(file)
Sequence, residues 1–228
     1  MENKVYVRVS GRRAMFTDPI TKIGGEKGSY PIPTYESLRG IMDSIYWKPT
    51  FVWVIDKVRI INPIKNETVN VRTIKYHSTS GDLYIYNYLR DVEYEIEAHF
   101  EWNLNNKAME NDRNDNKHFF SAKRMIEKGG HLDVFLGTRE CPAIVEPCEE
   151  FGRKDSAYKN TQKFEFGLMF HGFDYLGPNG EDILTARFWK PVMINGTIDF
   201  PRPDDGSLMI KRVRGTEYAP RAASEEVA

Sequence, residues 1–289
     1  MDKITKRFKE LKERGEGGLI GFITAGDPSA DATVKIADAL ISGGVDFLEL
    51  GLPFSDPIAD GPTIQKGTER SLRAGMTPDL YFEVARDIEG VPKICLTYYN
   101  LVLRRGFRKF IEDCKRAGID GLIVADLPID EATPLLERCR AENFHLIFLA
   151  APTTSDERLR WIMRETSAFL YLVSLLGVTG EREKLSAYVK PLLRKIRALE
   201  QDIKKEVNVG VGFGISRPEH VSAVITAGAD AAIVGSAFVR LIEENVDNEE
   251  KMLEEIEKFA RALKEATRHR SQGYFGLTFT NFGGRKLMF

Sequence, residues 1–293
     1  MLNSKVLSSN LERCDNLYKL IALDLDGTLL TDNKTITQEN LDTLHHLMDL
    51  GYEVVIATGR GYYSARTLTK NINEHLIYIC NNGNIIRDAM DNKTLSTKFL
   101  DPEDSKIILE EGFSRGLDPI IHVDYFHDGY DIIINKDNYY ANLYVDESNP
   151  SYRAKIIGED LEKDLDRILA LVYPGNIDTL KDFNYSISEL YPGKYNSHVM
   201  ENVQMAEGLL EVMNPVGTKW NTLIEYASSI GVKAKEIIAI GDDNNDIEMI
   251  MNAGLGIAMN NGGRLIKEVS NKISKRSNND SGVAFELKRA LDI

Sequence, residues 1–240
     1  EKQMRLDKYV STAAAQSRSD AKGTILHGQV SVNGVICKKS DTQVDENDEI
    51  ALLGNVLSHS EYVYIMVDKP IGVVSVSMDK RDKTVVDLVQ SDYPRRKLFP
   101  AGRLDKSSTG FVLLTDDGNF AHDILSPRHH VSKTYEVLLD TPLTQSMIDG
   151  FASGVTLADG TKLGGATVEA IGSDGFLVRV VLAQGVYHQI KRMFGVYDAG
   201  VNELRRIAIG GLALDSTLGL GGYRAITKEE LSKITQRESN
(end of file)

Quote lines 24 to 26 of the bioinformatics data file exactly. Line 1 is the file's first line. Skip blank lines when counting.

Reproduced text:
   101  AGRLDKSSTG FVLLTDDGNF AHDILSPRHH VSKTYEVLLD TPLTQSMIDG
   151  FASGVTLADG TKLGGATVEA IGSDGFLVRV VLAQGVYHQI KRMFGVYDAG
   201  VNELRRIAIG GLALDSTLGL GGYRAITKEE LSKITQRESN